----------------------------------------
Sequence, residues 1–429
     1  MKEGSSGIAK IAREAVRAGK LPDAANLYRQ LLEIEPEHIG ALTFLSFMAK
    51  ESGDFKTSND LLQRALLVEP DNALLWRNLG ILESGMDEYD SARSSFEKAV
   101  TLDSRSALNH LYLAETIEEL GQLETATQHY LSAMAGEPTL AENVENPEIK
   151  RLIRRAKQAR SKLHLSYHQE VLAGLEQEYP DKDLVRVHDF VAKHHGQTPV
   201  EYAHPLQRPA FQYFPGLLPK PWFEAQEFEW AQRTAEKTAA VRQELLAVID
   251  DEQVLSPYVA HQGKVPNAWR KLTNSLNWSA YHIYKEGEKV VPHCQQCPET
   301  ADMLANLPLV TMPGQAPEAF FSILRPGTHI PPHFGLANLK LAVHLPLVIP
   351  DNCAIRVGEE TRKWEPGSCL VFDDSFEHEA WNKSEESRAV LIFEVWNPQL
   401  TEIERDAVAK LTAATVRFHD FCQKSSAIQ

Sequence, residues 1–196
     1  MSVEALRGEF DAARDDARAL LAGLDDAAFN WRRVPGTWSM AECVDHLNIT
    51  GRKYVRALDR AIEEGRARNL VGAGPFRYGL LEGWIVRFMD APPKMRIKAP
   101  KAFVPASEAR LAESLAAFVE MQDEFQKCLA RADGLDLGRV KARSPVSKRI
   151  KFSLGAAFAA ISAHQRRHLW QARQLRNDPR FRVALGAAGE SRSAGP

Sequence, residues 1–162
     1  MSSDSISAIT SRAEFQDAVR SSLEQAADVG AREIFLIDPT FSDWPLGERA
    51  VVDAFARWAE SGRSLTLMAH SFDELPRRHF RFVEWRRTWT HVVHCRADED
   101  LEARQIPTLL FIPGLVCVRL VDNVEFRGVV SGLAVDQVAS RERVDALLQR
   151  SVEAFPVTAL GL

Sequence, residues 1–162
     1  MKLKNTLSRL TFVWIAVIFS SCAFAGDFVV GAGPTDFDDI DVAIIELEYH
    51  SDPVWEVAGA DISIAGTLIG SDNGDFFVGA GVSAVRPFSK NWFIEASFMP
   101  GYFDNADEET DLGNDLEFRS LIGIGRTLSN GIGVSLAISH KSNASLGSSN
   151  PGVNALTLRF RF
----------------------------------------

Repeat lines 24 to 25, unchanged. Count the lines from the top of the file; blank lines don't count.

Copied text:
   101  GYFDNADEET DLGNDLEFRS LIGIGRTLSN GIGVSLAISH KSNASLGSSN
   151  PGVNALTLRF RF